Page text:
Good collaboration goes beyond being able to complete tasks together. Good collaboration is fluency; it is a language of partnership and co-creation. It is mastery shaped by deliberate effort and thoughtful systems. Within good collaborations, one should feel curious and empowered. Good collaborators are strong independent workers and inspiring partners; they are empathetic people who understand the difference between having a point of view and judgement. They are amazing at what they do but recognize that the power of the team is greater than their individual self.
But gathering the right people in the team isn’t enough to guarantee better collaboration. How do we nurture collaboration dynamics or even more so, scale them? Over the past few years I have worked on a range of cross-functional teams — both large and small (at one point I was the only designer on a team of 20+ engineers) — and what follows are the key observations I have made in that time.
1. Break out of arrested development
Many teams operate on autopilot and fail to reflect on the day-to-day work of their peers; sometimes a problem happens so often it becomes part of the operation. Team members need to help their peers get through the day and only then will they build confidence towards purposeful collaboration.
On a project at Connected delivering a cloud-connected app experience for an audio-electronics company, our engineers encountered downtimes due to limited design resources in a just-in-time delivery model — a type of agile cadence where all design and engineering work is done within a single sprint. While this would have ideally been rectified through process and allocation changes, these solutions take time and can introduce new issues to the project. To ensure forward momentum, our engineers, QA, and designers came together to devise a simple protocol for assessing design layouts and component behaviours. These assessment principles were then embedded into our hand-off tools — Zeplin and Jira — allowing for seamless access. This empowered team members to get involved in creating solutions and prevent them from being blocked during the sprint.
Although these types of project problems are common and easy to ignore, they should never be brushed aside. Consider implementing a mechanism for identifying and escalating repeated problems. (Retros are very good for this!) These nuisances can accumulate over time, instill distrust, and keep the team in a state of arrested development — fighting to get tasks completed instead of pushing solutions to new heights.
2. Build empathy from everyday interactions
When team members do not understand each other, complex discussions can easily spiral out of control. Fostering an open and safe culture is crucial to building mutual understanding. However, time is always short in our industry and teams do not always have the luxury for yet another calendar event.
On my last project with one of the world’s largest automotive and mobility companies, we worked with the client’s in-house team on a project that would improve the system of delivering vehicle data to their fleet customers. During our research phase, rather than having our engineers separated from the conversation, they eagerly participated in our usability test session. They brought insights from the session back to their work and began proactively pushing the technology for better user experience. In addition to this, our client product owner was attentive and present in all our interview and test sessions as a way to vouch for and evolve our findings within the organization — another inspiring example of a team member advocating for empathy.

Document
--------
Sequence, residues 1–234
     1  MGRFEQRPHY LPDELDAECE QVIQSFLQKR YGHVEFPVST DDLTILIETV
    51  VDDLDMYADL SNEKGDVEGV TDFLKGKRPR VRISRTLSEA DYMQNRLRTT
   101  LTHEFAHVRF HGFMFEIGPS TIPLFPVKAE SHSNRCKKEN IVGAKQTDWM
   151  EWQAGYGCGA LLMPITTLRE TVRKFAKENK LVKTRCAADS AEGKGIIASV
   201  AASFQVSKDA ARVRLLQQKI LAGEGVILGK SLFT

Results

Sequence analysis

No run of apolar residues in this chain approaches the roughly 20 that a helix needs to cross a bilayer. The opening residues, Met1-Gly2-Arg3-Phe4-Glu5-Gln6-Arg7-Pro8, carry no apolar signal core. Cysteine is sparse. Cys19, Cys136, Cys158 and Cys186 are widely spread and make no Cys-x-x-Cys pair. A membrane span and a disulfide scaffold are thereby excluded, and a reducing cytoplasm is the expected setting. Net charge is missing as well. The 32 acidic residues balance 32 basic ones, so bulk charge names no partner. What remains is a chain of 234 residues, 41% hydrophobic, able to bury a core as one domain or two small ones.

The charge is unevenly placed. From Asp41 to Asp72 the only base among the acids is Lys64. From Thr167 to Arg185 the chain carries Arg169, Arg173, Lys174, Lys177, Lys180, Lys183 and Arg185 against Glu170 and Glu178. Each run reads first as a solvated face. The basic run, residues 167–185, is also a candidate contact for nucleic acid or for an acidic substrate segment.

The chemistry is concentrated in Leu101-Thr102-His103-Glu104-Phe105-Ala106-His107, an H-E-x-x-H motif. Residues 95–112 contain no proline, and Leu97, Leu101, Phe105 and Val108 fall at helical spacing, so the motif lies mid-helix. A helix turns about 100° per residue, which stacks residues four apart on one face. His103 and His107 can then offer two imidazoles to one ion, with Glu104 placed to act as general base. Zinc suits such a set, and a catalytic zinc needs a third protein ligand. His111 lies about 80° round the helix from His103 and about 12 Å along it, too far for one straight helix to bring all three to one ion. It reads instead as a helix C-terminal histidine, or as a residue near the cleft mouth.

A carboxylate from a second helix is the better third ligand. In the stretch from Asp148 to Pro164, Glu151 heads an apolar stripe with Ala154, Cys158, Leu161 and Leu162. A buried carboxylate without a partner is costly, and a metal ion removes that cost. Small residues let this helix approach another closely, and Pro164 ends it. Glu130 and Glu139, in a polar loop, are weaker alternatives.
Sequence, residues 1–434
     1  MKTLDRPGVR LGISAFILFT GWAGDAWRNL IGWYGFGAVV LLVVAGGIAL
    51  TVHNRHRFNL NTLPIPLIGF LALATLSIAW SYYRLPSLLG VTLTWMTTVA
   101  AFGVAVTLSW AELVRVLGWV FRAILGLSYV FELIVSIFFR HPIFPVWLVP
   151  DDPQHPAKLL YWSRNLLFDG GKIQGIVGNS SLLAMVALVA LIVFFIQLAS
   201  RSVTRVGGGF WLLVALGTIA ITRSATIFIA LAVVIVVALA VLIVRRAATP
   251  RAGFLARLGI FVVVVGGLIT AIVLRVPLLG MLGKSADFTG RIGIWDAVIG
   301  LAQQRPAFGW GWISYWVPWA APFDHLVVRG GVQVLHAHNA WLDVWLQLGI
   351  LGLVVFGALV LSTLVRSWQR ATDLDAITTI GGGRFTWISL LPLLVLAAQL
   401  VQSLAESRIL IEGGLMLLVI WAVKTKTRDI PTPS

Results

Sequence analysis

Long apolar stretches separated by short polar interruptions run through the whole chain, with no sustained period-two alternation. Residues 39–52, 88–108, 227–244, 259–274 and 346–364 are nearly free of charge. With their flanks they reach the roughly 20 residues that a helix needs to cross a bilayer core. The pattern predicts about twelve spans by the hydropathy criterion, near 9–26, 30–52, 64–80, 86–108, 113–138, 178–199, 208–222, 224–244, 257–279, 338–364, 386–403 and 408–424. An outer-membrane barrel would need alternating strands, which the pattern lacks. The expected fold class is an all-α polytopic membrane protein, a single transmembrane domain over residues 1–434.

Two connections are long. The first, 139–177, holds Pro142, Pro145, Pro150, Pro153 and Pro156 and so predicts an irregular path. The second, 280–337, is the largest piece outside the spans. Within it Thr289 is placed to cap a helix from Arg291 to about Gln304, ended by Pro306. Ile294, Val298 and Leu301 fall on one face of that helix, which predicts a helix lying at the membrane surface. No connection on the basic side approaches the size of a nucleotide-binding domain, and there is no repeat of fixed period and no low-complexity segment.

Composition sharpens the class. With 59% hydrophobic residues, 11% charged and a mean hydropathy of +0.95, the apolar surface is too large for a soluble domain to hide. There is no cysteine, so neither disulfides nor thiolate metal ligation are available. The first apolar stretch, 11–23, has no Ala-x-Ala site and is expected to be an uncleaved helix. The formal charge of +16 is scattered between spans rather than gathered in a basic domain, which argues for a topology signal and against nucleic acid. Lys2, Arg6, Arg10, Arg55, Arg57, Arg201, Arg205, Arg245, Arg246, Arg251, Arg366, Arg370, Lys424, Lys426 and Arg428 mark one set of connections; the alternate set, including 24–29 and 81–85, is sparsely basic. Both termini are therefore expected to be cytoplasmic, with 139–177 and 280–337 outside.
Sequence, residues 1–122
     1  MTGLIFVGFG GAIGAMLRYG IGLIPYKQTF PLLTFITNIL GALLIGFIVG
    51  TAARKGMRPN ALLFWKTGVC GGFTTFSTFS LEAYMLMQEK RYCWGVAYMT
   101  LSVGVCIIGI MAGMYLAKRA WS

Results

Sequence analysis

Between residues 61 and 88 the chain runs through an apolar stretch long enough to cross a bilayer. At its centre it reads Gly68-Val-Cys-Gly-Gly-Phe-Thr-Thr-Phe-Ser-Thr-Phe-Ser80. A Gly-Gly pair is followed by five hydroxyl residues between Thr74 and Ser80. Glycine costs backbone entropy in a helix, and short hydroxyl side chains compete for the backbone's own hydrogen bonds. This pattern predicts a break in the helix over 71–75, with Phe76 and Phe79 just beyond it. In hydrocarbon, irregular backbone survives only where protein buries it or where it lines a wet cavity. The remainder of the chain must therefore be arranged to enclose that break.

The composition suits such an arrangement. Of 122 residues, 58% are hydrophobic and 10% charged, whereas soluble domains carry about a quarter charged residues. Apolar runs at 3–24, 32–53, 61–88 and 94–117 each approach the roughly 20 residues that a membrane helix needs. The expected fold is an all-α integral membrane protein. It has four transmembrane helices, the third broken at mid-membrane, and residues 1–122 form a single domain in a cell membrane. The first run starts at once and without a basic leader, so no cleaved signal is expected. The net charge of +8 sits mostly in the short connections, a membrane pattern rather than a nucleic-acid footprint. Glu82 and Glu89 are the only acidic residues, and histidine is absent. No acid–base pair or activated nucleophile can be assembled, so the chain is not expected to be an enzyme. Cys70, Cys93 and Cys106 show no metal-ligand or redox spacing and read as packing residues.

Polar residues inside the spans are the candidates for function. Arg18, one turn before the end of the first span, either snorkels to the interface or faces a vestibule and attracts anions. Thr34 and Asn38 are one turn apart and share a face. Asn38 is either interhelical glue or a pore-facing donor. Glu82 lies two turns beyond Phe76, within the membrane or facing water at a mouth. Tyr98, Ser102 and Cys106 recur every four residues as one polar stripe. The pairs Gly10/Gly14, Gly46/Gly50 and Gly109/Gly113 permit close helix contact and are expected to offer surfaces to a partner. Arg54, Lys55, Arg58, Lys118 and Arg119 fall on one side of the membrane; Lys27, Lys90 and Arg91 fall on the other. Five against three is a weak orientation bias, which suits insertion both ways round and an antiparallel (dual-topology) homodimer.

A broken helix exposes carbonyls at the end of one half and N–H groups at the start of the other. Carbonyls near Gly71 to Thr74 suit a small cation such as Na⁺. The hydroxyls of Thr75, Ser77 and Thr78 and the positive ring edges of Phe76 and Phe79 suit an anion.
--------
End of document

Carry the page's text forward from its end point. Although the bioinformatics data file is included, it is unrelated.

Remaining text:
In addition to showing up for your team, another way to build empathy is to make sure you are understood. Be mindful of our diverse ways of thinking and being, and embrace universally known mental models, analogies, and stories. A picture is worth a thousand words after all.
To make for a more compelling argument, deliver your point of view in a prototype or as photos, videos, or data. The same can be said for communication formats. Using long, short, slow, and fast in the right moment allows your team to adopt a diverse set of tools for different types of work.
Small moments with the right people are also critical. “Say no more,” says one of my colleagues during one of our design desk checks. There is magic to working with people who understand that putting a big, authentic smile on people’s faces is as important as anything else you can do for your team members.
3. Direction over destination
I had a friend who once told me he stuck a (steel) chopstick in an outlet when he was a child, and his mom kicked him loose so he wouldn’t get electrocuted. I asked him why he did it and he explained that he needs to learn the hard way because he finds it difficult to follow orders without clear reasoning.
Okay, okay. I know we are all adults here. But we can probably all agree that mandating rules doesn’t help anyone’s understanding of the problem at hand. During crunch times, it can be tempting to prescribe comments to your teammates and walk away. If your comment turns out to be wrong or unhelpful, your teammate will end up without direction again. In those situations, if you must, pair terse exchanges with takeaway sticky notes at the very least. Sometimes the few seconds you save from skipping a discussion are not worth the cost of mistakes.
I find great joy in being embedded in teams with engineers. At my last company, I worked on a project designing an online shop with over 60,000 posters. One of our goals was to help customers find and curate posters collections. Although designers tend to own design solutions, our engineer took note of our customer profiles and experimented with colour-sorting mechanisms that would allow interior decorators to curate collections for a specific palette. This mix of expertise elevated product potential.
Instead of sending your designs away hoping it will come out right, align on the direction and let solutions manifest. In product delivery, there are often no right or wrong executions, only those that create the most meaningful impact.
4. Promote curiosity